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A looming bond 'death cross,' and what it could mean

Sylvain Sonnet | Photographer's Choice RF | Getty Images

An ominous sign in the bond markets could be signaling even more trouble in stocks.

Government bond yields are flirting with a phenomenon called the "death cross" in which the short-term average of the 10-year Treasury yield is about to cross below a longer-term measure.

Though there's no guarantee of what it might mean, in the past several years the Cross has formed four times and three of those occasions saw substantial equity selloffs.

The September 2007 event preceded a historic high just before the financial crisis calamity, or "probably the biggest risk-off shot-across-the-bow possible," in the words of technical strategist Abigail Doolittle at Peak Theories Research. The market, though, set a precrisis record high a month later.

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In September 2008 the cross came around the time Lehman Brothers collapsed and set off an even more aggressive equity market collapse. In June 2010 the euro zone sovereign debt crisis triggered another cross, while a year later a cross set the stage for a steep market correction and a near collision with a bear market.

In the current environment, the 10-year yield has slid to around 2.70 percent after briefly topping 3 percent in late 2013 and early 2014. Wall Street strategists had been expecting the benchmark note to continue creeping higher as expectations grew that the Federal Reserve would begin charting a course toward tighter monetary policy.

However, the first quarter saw an uneven series of economic data, capped off with Friday's solid-but-not-spectacular nonfarm payrolls report for March that has led to some market misgivings. High-momentum tech stocks have been selling off, while first-quarter earnings season begins this week amid expectations that S&P 500 companies will show little if any profit growth overall.

Doolittle said the converging factors set up for a potentially bearish backdrop.

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"It tells us that the bond market may not believe that the Federal Reserve will be able to stay on its new 'hawkish' course," she said in a recent report for clients. "More practically, it may mean that the bond market does not think the Fed will be raising rates around this time next year and it may even suggest that bond investors think the Fed will have to stop its taper or even add back to QE-Infinity at some point."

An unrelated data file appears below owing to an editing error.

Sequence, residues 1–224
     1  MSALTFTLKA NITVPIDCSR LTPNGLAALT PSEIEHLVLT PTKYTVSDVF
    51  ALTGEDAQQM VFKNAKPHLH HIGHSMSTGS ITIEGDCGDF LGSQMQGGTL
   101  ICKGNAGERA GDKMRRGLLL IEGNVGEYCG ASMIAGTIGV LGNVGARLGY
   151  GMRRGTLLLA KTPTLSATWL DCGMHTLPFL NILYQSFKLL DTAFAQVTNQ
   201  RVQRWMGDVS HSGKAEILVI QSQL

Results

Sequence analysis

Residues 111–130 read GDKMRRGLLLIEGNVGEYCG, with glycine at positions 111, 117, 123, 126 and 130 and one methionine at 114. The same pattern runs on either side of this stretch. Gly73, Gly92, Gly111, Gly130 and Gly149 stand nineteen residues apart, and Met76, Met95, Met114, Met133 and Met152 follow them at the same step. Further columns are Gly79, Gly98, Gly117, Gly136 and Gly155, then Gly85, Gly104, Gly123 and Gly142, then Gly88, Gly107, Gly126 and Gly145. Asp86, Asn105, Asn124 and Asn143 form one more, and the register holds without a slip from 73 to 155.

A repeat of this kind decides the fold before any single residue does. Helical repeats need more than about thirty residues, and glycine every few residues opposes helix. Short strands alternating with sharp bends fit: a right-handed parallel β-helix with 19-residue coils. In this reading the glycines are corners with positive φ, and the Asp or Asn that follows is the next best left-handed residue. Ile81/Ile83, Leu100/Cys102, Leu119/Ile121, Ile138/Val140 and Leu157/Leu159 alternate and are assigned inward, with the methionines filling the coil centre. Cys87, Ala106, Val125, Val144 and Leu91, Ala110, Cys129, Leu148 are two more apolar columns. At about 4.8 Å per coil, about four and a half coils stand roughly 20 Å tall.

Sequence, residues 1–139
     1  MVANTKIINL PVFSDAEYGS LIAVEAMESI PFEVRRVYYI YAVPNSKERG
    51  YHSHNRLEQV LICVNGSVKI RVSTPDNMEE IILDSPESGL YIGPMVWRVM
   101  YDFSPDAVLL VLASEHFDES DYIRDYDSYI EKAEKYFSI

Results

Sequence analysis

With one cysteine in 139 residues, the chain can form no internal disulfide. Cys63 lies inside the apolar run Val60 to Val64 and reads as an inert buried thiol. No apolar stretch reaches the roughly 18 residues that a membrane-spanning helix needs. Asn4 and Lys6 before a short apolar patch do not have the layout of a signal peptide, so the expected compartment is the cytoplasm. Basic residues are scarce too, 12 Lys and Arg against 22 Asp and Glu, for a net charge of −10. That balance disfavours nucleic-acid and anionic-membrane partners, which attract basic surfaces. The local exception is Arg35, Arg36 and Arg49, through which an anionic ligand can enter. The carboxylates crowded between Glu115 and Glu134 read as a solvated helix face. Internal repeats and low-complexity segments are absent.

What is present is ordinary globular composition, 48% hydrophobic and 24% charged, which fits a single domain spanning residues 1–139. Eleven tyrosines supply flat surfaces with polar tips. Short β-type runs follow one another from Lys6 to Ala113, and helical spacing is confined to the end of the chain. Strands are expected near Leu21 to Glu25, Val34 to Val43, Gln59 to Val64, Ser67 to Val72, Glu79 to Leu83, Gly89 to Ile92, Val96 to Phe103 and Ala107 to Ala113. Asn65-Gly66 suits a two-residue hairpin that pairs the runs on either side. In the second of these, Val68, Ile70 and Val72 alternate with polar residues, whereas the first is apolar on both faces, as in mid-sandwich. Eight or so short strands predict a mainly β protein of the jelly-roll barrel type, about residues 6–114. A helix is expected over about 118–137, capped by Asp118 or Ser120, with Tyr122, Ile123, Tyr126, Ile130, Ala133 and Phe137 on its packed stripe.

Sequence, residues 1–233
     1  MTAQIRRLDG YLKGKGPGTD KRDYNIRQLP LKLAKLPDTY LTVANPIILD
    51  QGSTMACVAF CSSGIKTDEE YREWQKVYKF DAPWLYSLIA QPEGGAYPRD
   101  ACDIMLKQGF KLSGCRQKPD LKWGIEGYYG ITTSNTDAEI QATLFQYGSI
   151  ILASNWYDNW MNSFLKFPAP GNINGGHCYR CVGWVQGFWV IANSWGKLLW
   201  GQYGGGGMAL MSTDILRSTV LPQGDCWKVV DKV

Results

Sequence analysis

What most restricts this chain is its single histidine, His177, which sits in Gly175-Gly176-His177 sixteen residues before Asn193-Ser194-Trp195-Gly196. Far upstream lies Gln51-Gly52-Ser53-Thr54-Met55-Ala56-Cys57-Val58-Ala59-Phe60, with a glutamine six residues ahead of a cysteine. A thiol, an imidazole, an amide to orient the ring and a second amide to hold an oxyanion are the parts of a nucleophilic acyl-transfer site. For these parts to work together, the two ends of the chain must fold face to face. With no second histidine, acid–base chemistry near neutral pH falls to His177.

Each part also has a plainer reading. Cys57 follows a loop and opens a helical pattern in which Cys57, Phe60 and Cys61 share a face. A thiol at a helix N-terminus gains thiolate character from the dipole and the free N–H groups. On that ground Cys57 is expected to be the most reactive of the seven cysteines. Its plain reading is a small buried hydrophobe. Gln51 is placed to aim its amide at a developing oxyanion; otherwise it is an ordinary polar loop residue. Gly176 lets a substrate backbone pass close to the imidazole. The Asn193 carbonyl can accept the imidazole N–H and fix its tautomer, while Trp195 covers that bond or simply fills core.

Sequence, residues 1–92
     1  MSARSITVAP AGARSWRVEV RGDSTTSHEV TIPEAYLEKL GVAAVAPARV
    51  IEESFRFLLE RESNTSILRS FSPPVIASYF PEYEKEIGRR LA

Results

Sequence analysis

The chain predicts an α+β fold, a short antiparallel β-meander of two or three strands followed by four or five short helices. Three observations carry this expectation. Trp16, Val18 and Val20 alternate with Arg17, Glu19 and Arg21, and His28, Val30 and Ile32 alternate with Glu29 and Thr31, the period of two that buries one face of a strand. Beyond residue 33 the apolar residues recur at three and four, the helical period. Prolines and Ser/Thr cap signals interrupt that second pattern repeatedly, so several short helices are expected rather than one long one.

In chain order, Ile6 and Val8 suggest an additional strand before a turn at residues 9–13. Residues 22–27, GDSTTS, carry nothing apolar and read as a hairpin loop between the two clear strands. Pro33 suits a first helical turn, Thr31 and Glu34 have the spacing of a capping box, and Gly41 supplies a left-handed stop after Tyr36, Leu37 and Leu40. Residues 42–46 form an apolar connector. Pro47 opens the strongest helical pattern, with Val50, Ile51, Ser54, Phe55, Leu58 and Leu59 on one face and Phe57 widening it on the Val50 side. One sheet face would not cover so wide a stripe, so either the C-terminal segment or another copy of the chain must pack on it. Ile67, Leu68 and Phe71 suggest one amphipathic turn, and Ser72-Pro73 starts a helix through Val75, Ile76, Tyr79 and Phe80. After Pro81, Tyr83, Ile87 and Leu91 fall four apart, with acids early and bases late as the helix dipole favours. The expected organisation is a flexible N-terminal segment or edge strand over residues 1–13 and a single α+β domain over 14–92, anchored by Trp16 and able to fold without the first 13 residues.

Other traders noted Monday that while the 10-year threatens a death cross, so does the yield curve—the difference between yields of different bond maturities—for the five-year note and 30-year bond.

The key caveat, of course is whether all the current trends persist. Doolittle noted a near-cross in May of 2013, which she predicted then would lead to a sub-1 percent yield on the 10-year. However, Fed comments shortly thereafter that it would begin unwinding its monthly bond-buying program triggered a rise in yields.

The consequences for equity investors could be substantial.

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"First we need to see if a death cross takes place in the 10-year yield and then if it does, I would say there's pretty good chance we will see the equity markets correct by at least 20 percent and something that would prove 2013 a false initial reaction," Doolittle said.

Indeed, there seems at least a growing consensus that the market has drawn nearer to a long-awaited correction.

Even strongly bullish Piper Jaffray—with a 2,100 price target for the S&P 500 in 2014—believes the trend in yields is signaling something is afoot.

"We suspect any near-term weakness in the benchmark 10-year bond yield may temporarily temper fund flows into equity funds," Craig Johnson, technical market strategist at Piper Jaffray, said in a note. "We remain secular bulls on the broader equity market. However, over the near-term we suspect some seasonal weakness is starting to unfold."

By CNBC's Jeff Cox

Wall Street